But reading a lot of reviews from real users -- forums like Reddit are great for this -- might help you pick out some trends. You can also draw on your personal experience or that of people you trust; if you’ve had a lot of trouble with customer support from a particular credit card issuer in the past, maybe that’s not the card you want to use as your primary travel card.

Something else to consider: how and when you can contact live customer support. A customer service line that’s active only during standard US business hours gets exponentially less convenient when you’re in a different time zone. And for Gen-Z-ers like me who would rather do anything than make a phone call, the ability to reach customer support via live chat is a surprisingly useful feature. 

Before applying for a card, poke around on an issuer’s website to see what their contact methods and customer service hours are like, then check the internet to see if you find a trend of user horror stories about the company. 

One last thing 

I’ll leave you with one more tip: It’s always a good idea to have one (or a few) backup cards in case you can’t use your primary card.

Whether your physical card gets lost or stolen, or your account gets compromised, or you decide to downgrade a high annual fee card to one with a lower annual fee, sometimes situations can arise where you aren’t able to use your primary card.

If you encounter any of those problems, your account might be locked or you could have to wait for a replacement card to be mailed to you. So having a backup card that you can use to pay for purchases until your primary card is up and running again can make all the difference.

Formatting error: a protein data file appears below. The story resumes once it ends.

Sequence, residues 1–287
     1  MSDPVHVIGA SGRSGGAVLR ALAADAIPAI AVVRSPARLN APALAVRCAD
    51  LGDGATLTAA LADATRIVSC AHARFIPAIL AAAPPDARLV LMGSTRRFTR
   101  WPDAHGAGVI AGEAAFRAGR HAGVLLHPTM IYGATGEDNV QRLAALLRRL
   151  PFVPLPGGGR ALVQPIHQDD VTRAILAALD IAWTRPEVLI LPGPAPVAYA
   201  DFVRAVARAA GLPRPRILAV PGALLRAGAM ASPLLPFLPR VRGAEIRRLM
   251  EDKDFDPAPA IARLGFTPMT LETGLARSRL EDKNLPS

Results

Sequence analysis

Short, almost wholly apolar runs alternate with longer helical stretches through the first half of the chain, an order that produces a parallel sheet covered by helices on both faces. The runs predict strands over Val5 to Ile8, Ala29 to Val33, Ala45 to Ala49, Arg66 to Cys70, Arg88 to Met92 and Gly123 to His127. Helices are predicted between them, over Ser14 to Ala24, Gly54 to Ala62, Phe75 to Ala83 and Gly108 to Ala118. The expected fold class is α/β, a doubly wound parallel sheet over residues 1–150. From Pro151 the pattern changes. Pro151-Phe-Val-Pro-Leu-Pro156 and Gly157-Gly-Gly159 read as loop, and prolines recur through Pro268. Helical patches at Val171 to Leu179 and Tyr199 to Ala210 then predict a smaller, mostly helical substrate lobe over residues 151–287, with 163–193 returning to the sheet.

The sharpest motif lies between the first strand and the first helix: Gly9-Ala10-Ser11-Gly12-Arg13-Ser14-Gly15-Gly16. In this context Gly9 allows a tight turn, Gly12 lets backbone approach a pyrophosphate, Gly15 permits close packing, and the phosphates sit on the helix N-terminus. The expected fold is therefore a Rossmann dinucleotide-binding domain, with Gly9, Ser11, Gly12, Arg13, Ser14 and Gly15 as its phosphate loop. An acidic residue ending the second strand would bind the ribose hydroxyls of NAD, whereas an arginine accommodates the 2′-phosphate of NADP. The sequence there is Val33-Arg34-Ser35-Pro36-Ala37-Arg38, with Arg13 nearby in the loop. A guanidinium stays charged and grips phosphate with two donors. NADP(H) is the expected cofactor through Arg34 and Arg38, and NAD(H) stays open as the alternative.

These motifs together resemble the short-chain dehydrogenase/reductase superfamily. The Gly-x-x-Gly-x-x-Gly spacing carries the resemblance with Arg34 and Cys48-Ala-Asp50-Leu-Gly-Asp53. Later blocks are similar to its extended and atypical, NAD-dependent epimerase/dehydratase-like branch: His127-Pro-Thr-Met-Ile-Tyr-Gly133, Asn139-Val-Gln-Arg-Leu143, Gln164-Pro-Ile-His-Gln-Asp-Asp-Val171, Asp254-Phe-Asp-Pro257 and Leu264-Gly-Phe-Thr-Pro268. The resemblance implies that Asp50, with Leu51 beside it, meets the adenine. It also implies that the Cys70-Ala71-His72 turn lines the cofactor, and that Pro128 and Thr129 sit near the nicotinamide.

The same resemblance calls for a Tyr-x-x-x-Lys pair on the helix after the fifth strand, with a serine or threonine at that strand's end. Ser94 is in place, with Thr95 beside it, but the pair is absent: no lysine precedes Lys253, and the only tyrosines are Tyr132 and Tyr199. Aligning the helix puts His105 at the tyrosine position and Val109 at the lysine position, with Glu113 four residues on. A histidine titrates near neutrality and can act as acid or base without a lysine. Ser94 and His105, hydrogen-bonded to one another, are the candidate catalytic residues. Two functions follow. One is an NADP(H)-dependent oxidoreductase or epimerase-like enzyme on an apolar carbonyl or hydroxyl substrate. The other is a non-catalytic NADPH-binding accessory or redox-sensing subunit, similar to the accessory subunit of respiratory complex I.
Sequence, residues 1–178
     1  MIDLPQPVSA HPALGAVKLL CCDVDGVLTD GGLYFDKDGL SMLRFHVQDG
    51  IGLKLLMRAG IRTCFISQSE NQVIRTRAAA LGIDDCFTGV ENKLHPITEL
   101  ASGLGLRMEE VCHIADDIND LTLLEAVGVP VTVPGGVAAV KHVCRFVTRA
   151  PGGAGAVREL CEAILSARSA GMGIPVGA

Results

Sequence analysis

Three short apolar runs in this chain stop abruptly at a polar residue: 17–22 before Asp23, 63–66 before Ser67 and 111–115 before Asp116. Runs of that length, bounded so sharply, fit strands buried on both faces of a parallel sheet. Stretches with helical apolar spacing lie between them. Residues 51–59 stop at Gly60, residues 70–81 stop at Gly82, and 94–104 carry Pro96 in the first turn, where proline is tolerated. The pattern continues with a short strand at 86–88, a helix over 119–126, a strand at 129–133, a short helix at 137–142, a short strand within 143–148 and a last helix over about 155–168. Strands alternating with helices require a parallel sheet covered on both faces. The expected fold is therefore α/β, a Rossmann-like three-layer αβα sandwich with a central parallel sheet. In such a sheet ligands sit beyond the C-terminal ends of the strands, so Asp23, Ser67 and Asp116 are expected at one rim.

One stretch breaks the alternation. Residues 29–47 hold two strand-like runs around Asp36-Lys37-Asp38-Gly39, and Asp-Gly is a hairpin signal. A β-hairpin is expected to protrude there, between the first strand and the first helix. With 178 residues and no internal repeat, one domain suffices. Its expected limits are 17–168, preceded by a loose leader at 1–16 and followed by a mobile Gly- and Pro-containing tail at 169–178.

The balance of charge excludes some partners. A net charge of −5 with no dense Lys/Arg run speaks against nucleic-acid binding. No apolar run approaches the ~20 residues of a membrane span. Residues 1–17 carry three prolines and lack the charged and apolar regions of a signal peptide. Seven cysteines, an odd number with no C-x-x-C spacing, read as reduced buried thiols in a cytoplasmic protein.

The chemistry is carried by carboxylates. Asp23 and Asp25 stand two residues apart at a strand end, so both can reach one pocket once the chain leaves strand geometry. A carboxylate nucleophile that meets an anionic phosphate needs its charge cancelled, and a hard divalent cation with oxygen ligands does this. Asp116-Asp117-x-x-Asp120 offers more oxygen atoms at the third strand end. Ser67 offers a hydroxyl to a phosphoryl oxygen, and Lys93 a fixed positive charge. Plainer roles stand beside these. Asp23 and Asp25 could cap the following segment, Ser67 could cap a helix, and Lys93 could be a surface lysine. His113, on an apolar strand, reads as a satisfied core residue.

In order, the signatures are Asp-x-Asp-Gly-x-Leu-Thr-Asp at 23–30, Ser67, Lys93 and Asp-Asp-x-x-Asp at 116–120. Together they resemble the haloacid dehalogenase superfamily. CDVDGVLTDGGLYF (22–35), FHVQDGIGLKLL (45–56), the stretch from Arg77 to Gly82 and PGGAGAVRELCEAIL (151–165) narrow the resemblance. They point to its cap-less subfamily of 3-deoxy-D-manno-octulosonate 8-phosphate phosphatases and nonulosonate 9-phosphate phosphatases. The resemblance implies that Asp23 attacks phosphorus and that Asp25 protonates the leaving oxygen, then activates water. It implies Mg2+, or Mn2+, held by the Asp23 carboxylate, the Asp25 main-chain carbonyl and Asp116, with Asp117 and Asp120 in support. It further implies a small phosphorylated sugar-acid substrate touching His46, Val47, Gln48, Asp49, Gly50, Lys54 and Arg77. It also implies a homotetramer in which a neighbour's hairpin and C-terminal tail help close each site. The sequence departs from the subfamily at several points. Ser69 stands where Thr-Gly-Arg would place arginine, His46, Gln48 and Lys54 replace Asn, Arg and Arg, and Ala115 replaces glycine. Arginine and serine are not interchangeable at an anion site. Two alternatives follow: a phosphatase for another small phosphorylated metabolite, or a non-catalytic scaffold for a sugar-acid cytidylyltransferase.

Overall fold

If you don’t want to pay annual fees for multiple premium travel cards just to keep some as a backup, consider getting a no-annual-fee card with no foreign transaction fees like the Capital One VentureOne Rewards Credit Card* or Bilt Mastercard®. 

Although these cards may have fewer rewards and perks than ones that charge an annual fee, they’ll still fulfill their basic function as a payment method and you can hold them indefinitely without worrying about whether they’re worth the cost.

I like to keep my primary cards and backup cards in separate locations -- for example, one in my wallet for everyday use and the other in my hotel room. This reduces the likelihood of something happening to both my primary card and my backup at the same time.

*All information about the Capital One VentureOne Rewards Credit Card has been collected independently by CNET and has not been reviewed by the issuer.

The editorial content on this page is based solely on objective, independent assessments by our writers and is not influenced by advertising or partnerships. It has not been provided or commissioned by any third party. However, we may receive compensation when you click on links to products or services offered by our partners.

Raina He is a contributor to CNET Money. She previously worked as an editor at CNET, focusing on credit cards, banking and loans. She graduated from the University of North Carolina at Chapel Hill with a B.A. in Media and Journalism. Before coming to CNET Money, she was an editor at NextAdvisor, a personal finance news site that shared a parent company with CNET Money.